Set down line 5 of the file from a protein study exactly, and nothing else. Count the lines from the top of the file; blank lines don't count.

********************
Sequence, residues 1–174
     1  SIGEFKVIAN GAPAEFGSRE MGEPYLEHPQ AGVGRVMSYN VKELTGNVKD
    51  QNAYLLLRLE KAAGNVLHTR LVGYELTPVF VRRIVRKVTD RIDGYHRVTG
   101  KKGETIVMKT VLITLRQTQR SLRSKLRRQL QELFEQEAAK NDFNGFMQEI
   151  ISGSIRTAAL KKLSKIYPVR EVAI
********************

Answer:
   151  ISGSIRTAAL KKLSKIYPVR EVAI